What is polycythemia treated with: • NaP 32. • Hemorrhagic cystitis is caused by: • Cyclophosphamide c. Methotrexate • Indomethacind. Phenyl butazone. • Toxicity of anti-neoplastic therapy will cause: • Alopecia b. Bone marrow depression • Ulcers due to methotrexate therapy can be prevented by: • Follinic acid b. Niacine c. Folic acid • The main mechanism of action of anti-neoplastic drugs is: • Interference with DNA b. Affecting the genotype of the cell • Mutagenesis is: • Genetic change in DNA c. Change in DNA characters • Caused by mutagenic agents • Vincristine mechanism of action: • Topisomerase d. Inhibits mitotic spindle formation • Alkylating agent e. Interferes with RNA synthesis • Stops reproduction in the meta phase • Which enzyme helps DNA strands to attach to one another: • Topisomerase (necessary for DNA replication & RNA transcription) • Ligase • Site of action of anti-neoplastic drugs: • DNA c. Transcription e. All • Mitosis d. G1 phase • Tamoxiphen is used to treat: • Breast cancer b. Hodgkin’s disease • Fluorouracil : • Is a modified pyrimidine (similar to uracil) • Given either by IV injection or topically (Efudex) • a-feto protein: • Is a protein elevated remarkably in patients with hepatic cellular carcinoma • Anti-emetics in cancer chemotherapy: • Can loose efficacy after some time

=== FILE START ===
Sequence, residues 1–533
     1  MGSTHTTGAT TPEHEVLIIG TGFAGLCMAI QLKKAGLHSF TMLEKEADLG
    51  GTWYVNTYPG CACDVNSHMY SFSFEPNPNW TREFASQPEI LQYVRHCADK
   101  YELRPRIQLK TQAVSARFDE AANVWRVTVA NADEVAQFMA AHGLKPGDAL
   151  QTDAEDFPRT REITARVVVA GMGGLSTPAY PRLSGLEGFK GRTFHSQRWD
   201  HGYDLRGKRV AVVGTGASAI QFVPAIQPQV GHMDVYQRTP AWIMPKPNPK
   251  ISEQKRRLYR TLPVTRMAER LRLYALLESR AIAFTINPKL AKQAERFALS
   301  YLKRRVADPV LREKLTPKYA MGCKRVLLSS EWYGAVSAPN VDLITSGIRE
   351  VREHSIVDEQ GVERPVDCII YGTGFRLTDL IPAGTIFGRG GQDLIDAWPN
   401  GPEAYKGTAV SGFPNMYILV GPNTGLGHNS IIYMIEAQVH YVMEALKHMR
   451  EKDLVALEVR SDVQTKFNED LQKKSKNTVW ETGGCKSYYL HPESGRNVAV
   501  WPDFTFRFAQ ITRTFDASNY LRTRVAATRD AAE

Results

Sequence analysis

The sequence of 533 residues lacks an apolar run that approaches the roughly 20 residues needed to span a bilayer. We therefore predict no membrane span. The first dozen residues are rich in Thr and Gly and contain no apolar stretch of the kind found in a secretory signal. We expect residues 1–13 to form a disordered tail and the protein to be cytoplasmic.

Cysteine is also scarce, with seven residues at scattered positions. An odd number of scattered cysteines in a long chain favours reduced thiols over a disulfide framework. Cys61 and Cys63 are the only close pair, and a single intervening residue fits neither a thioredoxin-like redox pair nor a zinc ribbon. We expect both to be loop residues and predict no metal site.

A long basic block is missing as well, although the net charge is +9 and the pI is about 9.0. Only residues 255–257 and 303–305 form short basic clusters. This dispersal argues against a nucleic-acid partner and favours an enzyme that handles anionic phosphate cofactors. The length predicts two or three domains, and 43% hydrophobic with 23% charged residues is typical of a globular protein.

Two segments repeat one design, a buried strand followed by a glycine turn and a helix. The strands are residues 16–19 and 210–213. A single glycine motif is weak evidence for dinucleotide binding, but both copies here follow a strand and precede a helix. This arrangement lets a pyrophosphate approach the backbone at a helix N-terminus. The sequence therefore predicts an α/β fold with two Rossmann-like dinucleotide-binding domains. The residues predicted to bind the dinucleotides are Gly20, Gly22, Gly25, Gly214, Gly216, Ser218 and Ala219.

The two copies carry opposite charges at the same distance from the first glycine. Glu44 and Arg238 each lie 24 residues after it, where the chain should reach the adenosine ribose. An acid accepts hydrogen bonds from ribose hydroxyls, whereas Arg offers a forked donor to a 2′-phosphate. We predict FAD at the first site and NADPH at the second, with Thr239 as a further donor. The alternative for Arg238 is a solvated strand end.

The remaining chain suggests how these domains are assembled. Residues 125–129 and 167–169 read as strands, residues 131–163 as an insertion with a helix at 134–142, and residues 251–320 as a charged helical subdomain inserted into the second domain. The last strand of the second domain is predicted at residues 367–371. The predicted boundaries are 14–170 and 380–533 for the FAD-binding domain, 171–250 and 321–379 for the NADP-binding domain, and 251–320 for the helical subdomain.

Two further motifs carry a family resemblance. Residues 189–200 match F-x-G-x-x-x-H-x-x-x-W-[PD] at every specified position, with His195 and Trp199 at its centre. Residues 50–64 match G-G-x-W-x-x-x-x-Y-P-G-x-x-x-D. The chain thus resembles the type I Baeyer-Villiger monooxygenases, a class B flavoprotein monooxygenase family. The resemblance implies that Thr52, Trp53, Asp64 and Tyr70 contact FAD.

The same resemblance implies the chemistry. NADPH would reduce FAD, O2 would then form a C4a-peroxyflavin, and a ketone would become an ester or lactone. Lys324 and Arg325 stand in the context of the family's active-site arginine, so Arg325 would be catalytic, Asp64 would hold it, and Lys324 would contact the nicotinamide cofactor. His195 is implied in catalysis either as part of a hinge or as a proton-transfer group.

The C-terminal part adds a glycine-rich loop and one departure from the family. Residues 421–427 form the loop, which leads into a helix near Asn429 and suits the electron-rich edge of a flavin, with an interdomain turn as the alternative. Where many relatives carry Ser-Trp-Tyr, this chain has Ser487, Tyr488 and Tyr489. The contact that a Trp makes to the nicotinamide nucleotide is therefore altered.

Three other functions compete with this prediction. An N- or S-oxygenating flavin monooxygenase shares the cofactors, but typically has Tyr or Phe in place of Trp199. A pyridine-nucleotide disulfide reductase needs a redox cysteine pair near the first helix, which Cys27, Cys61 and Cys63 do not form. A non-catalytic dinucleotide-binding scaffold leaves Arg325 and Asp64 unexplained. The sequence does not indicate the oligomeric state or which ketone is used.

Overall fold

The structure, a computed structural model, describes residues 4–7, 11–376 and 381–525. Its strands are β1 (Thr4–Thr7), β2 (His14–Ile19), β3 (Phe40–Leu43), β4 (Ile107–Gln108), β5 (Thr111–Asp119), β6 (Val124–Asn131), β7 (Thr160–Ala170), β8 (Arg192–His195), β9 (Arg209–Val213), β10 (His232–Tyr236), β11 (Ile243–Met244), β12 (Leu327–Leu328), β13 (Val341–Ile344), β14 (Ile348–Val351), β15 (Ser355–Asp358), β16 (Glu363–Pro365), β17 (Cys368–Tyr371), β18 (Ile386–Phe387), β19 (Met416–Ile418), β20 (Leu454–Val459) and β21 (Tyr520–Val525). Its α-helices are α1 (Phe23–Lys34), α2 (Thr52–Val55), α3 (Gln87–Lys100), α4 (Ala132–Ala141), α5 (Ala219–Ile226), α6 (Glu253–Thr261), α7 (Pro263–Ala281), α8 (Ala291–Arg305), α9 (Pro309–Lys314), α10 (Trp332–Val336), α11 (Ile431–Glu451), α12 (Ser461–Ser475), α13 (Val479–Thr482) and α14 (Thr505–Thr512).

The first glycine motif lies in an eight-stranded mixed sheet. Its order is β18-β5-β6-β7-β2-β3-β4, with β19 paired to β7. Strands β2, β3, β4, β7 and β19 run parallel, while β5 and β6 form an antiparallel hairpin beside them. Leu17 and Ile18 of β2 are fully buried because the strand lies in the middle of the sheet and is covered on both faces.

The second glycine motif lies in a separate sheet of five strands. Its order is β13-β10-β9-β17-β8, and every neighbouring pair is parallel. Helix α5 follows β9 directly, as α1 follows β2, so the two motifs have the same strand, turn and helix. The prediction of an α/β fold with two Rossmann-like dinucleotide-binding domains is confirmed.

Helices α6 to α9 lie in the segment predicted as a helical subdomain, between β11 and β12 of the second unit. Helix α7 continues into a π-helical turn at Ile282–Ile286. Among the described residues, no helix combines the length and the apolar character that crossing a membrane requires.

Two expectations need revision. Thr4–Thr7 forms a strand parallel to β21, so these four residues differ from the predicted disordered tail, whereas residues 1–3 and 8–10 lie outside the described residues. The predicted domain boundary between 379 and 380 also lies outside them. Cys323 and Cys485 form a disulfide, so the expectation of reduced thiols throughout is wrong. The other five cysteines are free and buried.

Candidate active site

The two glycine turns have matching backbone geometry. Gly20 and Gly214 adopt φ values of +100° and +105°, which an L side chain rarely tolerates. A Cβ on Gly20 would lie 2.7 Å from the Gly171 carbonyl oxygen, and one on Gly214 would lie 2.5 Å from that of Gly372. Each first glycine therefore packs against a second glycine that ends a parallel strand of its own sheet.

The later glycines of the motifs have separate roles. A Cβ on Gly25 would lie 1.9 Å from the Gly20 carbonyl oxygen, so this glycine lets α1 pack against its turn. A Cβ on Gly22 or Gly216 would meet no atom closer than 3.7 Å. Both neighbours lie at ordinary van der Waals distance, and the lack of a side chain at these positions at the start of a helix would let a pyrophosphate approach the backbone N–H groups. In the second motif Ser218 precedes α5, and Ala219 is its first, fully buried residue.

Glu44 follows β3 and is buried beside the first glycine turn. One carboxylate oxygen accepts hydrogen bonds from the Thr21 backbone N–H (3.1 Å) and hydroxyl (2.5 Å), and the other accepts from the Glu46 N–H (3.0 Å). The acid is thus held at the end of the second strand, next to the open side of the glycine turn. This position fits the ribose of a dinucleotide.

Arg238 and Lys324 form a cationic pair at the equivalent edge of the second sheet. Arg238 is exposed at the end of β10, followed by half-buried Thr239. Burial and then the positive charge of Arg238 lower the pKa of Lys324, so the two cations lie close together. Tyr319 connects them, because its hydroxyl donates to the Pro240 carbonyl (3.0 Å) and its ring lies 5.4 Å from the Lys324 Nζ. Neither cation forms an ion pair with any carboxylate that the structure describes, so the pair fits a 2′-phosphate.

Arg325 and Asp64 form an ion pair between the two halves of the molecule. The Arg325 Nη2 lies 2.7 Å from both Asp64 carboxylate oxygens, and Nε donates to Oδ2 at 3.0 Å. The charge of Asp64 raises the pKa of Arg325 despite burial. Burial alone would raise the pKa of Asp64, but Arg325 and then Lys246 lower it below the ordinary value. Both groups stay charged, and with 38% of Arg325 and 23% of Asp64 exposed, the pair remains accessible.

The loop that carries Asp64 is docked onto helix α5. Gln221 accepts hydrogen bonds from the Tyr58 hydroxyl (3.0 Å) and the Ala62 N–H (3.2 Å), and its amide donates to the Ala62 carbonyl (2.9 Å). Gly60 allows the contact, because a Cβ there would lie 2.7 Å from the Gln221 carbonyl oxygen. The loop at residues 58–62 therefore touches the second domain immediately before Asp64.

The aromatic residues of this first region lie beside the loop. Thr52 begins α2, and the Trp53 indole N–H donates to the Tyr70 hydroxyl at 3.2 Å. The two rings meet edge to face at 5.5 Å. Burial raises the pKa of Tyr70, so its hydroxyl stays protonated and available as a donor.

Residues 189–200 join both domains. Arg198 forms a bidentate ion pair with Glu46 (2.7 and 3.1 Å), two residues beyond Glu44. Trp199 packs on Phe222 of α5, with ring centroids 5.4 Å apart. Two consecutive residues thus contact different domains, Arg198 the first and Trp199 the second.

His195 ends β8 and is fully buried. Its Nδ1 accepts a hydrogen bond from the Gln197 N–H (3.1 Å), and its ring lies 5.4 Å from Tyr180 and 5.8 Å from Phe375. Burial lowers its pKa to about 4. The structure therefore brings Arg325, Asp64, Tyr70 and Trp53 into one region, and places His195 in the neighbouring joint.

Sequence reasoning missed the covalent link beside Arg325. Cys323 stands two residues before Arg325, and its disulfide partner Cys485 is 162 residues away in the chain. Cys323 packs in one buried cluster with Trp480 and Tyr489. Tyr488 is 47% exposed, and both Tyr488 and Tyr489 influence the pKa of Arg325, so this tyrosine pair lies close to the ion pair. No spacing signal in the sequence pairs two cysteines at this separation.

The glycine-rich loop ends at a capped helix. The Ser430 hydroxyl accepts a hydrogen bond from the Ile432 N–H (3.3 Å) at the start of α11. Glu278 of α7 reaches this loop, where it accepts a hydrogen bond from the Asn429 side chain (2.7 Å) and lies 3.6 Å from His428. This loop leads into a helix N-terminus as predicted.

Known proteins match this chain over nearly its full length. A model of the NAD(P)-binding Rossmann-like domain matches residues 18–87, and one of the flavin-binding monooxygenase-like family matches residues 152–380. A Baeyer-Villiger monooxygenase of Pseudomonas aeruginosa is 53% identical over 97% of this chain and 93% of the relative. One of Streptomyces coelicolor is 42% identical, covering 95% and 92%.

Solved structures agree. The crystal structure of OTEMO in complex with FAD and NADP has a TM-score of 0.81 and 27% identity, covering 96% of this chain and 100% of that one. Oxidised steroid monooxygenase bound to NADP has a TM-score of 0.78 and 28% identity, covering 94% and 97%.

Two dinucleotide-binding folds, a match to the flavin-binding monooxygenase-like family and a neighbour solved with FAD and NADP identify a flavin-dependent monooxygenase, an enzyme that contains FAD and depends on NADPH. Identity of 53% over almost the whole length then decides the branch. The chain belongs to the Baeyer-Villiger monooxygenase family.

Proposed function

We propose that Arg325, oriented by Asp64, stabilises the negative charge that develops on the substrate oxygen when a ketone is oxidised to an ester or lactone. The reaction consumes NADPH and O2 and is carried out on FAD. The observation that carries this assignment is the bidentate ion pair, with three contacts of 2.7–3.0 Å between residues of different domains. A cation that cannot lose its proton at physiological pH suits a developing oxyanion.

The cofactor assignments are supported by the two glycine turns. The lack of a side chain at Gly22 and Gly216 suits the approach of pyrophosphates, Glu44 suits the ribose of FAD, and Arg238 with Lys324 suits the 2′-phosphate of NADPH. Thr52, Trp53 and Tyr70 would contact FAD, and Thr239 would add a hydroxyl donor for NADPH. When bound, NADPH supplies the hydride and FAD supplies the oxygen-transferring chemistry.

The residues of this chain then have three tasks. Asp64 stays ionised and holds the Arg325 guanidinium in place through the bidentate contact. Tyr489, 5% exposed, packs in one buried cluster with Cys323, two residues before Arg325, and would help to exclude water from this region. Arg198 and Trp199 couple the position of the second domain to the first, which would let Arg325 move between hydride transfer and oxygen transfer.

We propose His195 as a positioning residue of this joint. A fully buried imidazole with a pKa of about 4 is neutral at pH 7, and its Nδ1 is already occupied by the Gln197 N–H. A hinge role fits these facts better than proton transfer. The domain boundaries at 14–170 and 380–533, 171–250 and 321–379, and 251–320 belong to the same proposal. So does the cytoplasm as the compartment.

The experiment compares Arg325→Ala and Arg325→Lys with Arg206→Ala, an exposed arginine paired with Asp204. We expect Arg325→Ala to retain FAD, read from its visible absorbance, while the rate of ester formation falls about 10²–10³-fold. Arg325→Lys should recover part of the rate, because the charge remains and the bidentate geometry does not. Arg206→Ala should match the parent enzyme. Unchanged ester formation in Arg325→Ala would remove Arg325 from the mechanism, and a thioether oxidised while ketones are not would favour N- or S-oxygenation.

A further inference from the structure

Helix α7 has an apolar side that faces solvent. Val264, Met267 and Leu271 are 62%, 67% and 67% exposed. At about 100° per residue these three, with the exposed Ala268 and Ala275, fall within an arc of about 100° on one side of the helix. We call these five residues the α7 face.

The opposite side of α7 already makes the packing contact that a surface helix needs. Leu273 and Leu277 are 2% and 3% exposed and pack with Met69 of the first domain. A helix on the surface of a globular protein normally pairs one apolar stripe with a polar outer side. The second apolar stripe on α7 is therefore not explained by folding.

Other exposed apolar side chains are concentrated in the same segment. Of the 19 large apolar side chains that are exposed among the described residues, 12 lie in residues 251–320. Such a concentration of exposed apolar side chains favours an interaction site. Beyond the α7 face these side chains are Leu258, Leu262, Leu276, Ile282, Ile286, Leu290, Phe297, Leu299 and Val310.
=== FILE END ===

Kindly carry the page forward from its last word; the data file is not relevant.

Some Tests: • Vanoen Bergh Test: is a serum test used to differentiate between bound & unbound bilirubin. It is a measure of soluble conjugated bilirubin. • White Cells Differential Count: is a laboratory procedure used to determine the relative proportions of various types of WBCs. • Creatinine Phospho Kinase (CPK): is an enzyme found primarily in muscle tissue. It is released in the blood in response to muscle injury or damage (e.g. MI). • Metyrapone: is used as a diagnostic agent for anterior pituitary function. • D-xylose: is used as a diagnostic agent to evaluate intestinal absorption. • Butazol: tests the secretory function of the stomach (gastric secretion) • Schilling’s Test: is a test for detection of perinaceous anemia. It utilizes orally administered vitamin B12 labeled with Co57 or Co58. • If Co58 appears in the feces anemia is due to deficiency of intrinsic factor. • If Co58 appears in the urine anemia is due to vitamin B12 deficiency. • Technetium Tc 99 sulfur colloid: is used for liver imaging. • Technetium Tc 99 albumin colloid: is used for lung imaging. • Technetium Tc 99 bisicate: is used for brain imaging. • Technetium Tc 99 glucoceptate colloid: is used for kidney imaging. • Coomb’s Test: is an anti-globulin test used to test the antigen antibody reaction. Certain drugs give false +ve Coomb’s results (e.g. cephalosporins, penicillins, methyl dopa, vit. C) • SGOTT & SGPTT: both are liver function tests. • SGOTT: Serum glutamic oxalo-acetic transaminase test. • SGPTT: Serum glutamic pyruvic transaminase test. • Erythrocyte sedimentation rate (ESR): It increases in: • Tissue necrosis. • Chronic infection. • Malignancy. • Rheumatoid. ESR is useful to differentiate MI (# ESR) from angina (normal ESR).